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Behold The Lamb

Jan 19, 2020

Passage: John 1:29-36

Preacher: Rev. Dr. Alfonso Espinosa

Category: Sunday, Epiphany

Detail:

Grace to you and peace from God our Father and from our Lord and Savior, Jesus Christ. Amen. Truth be told, it seems as though consciences are decaying. Trends make it obvious. What was once taboo is now accepted as ordinary. We don’t shame like we used to. Words that would either be completely avoided or reserved for only the most private of circumstances are now broadcast boldly. Sin is embraced, encouraged, and laughed about. We’re in trouble, because all of this most certainly means that consciences are dying. Evil is considered good; and what is good is considered outdated. The loss of morality, however, has come at a cost: we’re losing the sense of defilement, or the sense that we are unclean.

But the LORD gave us our consciences for a reason. The ability to feel unclean is extremely important. As an analogy, think of your sense of touch: your amazing ability to detect hot and cold. What if you lost that? What if you could no longer feel what could burn you or freeze you? That would be disastrous! This is what it is like to lose the conscience. It informs us that something is wrong or simply that we are wrong. If you feel dirty in a physical way – perhaps after having been outside in the rain and the mud, or after working in the yard all day – then you know you need to get cleaned up physically. But our consciences inform us that we are “dirty” on the inside. And if we’re honest and if our conscience is still functional, then we know that we also need to get cleaned up spiritually.

We are unclean and that’s a problem.

But why is it a problem?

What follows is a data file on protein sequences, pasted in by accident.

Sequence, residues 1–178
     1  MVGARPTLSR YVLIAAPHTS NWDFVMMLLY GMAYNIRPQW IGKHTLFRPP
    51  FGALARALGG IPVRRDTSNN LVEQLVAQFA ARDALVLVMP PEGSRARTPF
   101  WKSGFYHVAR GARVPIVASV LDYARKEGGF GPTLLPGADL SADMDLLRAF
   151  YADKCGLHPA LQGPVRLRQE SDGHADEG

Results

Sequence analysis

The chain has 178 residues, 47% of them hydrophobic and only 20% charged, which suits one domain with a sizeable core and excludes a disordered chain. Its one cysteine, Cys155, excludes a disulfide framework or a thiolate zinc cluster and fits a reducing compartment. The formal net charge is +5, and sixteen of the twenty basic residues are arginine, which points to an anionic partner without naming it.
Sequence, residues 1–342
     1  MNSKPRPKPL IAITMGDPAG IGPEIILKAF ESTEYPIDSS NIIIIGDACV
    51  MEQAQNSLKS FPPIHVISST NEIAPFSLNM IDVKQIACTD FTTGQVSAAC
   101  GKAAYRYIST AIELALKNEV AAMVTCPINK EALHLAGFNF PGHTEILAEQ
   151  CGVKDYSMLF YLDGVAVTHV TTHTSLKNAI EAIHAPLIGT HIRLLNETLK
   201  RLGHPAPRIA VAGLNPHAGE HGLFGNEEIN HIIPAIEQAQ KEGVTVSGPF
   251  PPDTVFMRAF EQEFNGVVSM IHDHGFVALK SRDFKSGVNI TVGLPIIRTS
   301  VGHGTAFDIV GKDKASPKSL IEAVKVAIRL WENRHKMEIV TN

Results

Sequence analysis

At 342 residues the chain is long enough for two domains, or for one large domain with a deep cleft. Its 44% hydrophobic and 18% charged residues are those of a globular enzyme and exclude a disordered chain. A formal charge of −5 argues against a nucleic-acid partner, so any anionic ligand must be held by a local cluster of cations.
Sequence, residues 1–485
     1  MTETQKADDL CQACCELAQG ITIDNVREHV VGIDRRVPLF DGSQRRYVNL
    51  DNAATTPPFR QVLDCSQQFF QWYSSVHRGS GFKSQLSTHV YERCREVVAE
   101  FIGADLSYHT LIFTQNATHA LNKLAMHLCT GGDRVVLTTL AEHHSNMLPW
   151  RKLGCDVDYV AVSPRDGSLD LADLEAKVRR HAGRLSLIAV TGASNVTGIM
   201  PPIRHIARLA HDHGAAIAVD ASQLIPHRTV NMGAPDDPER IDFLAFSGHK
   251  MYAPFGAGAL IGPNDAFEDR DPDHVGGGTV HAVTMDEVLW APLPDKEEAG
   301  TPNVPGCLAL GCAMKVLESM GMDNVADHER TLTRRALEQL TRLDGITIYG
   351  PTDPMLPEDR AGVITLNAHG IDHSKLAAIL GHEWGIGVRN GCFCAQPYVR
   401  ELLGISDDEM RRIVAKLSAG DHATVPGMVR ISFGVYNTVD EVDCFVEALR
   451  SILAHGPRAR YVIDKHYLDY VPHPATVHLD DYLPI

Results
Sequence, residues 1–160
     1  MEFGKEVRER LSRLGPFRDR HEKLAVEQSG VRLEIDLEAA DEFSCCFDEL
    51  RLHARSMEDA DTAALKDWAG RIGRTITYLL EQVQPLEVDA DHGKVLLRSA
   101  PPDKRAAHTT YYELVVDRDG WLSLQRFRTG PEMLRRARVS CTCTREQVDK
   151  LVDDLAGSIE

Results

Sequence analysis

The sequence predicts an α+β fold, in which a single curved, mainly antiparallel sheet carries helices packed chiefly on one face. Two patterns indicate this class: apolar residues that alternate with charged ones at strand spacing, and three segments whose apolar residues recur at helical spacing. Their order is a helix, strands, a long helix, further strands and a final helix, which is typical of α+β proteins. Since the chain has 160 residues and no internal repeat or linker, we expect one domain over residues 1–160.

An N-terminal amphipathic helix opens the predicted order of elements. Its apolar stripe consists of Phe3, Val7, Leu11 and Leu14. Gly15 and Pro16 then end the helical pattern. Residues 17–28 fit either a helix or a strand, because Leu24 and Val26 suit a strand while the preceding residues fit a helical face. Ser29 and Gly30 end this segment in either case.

It is a problem because this is not the way we were created. This is not our design. Think of what is dirty entering into other systems: dirty fluids in an engine; dirty contaminants in a lab; and dirty food in the digestive system. What happens when things get really dirty? They break down.

We need this basic background to understand why one of the most important proclamations about Jesus Christ makes all the difference in the world to you, me and all people! The proclamation that Jesus our Savior is the “Lamb of God who takes away the sin of the world.”

The Hebrews understood what was at issue. Defilement or uncleanness was a major problem. They got it. God is holy and is completely clean, without defilement. But we are not clean. So how can we stand in the presence of God? How can we live if we can’t even be near Him? If He is the source of life itself – and He is since He is Life – but we cannot be near Him due to our uncleanness, then how can we live? And how can we not end up with the sense that we are stuck in death? And if such a condition persists, how do we even live with ourselves today? With no hope and with a front-row seat to a “life” that is only breaking down? These things were very clear to the Old Testament people of God in the sense that it was a big deal to be unclean and it was a major priority to get clean.